The ultimate coming-of-age films

Adulting is not the easiest thing in life to learn, but it is a necessity. It can be messy, and awkward, but it can also be beautiful. These five coming- of-age films provide a realistic approach of growing up, and learning just how to be an adult.

 Illustration courtesy of @ leo_eats_art

Illustration courtesy of @leo_eats_art

Lion (2016)

A biographical drama that tells the true story of a young boy who set out to find his Burhanpur-based family after 25 years of separation, this film received six Oscar nominations, and was one of the highest grossing Australian films in history. Lion showcases the raw struggles of Saroo as he navigates through his childhood alone, scared, and learning to fend for himself. Through his journey, Saroo learns the power of love, the meaning of family, and the hope for answers - and so will you.

The Breakfast Club (1985)

This comedy follows the stories of five teenagers trapped in Saturday detention together, with a single task; write a 1000- word essay on who they are. This task proves challenging, as each individual is forced to open up and analyse their fears, hopes and dreams for the future. While at the beginning of the film they are each stereotyped, they come to the realisation that they have a lot more in common than first thought.

The Perks of Being a Wallflower (2012)

Featuring Emma Watson in one of her first roles since her Harry Potter residency, this film follows the socially-awkward Charlie in his first year of high-school. The Chbosky- directed drama brings to light the challenges that often come with grief and growing up, through Charlie’s befriending of Sam and Patrick, spurring him to come out of his shell.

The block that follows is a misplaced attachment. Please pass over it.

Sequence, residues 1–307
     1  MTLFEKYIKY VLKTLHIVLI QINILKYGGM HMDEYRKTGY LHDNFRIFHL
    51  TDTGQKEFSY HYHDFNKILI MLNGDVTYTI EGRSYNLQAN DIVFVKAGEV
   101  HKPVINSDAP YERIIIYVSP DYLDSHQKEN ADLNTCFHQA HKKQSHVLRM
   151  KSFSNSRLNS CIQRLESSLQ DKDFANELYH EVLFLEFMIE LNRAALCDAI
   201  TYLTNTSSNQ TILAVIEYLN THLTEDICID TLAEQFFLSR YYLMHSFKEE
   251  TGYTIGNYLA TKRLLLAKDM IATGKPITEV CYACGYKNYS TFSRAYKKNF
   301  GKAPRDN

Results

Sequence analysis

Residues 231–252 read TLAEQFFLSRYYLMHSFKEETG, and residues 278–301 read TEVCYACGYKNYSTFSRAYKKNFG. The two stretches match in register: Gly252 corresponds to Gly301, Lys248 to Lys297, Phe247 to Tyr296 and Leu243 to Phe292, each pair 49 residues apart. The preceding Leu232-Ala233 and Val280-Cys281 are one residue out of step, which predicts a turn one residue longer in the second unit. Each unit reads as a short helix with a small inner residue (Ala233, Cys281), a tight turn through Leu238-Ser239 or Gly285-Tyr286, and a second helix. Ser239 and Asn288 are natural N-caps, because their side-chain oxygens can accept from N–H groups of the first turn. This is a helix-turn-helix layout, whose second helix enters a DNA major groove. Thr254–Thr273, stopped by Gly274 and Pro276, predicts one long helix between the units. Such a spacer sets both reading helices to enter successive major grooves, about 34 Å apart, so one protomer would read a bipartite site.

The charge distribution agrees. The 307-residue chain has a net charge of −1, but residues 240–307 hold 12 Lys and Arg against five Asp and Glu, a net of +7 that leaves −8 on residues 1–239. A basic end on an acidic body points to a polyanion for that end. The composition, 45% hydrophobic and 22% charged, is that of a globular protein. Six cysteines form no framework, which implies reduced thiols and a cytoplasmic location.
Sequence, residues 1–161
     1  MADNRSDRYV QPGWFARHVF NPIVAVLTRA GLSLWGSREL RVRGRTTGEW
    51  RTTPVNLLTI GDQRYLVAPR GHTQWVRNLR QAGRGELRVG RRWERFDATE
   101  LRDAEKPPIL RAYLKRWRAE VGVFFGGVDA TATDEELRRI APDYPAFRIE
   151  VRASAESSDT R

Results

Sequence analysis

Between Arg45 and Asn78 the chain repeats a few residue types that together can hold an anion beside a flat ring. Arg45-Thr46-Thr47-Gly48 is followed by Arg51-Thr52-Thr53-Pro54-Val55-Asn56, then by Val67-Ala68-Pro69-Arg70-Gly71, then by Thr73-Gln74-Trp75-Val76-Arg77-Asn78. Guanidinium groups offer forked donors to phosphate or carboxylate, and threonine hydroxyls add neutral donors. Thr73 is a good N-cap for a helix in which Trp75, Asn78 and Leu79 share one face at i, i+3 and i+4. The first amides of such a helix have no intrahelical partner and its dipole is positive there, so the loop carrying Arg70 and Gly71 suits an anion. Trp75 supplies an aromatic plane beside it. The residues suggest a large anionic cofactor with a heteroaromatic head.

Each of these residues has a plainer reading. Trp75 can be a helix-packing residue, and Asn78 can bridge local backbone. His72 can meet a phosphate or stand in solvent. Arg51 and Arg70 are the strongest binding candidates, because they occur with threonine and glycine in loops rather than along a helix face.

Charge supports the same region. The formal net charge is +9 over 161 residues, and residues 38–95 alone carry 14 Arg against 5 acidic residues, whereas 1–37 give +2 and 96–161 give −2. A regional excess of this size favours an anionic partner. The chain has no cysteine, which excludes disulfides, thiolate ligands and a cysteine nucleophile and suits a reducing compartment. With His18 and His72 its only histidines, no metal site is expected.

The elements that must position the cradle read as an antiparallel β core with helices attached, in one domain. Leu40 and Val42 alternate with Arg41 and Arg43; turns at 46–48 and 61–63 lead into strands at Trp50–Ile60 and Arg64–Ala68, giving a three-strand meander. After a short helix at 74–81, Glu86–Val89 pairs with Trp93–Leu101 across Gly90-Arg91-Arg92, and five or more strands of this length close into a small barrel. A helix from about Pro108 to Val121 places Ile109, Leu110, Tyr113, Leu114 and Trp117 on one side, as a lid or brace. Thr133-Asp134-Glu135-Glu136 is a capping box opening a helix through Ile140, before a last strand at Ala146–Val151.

Stand By Me (1998)

This Stephen King film explores youth and nostalgia as four teenage boys search for the body of a missing boy. Gordie is still dealing with the grief over the death of his best friend and brother, Chris comes from a house of criminals, Teddy has a mentally ill father and Vern has been bullied for his weight. Each journey physically and mentally, and learn the true meaning of friendship alongside the audience.

The Intouchables (2011)

This French film details the story of a man who becomes a quadriplegic from a paragliding accident, and hires a young man to be his caregiver after his injury. This man has no interest in the job, and was only there to get the signature that would allow him to receive his welfare benefits. After receiving the position, his unconventional caring method leads to a beautiful friendship, and a greater understanding of people and one’s place in the world.

This article appeared in The Comma’s 2018 Annual Edition. Read more here.

 Tayla Curry is a first-year Journalism student at UTS. She’s a summer-lover at heart, and is stuck hibernating the cold away … just wishing she could afford a plane ticket to Europe at the end of semester.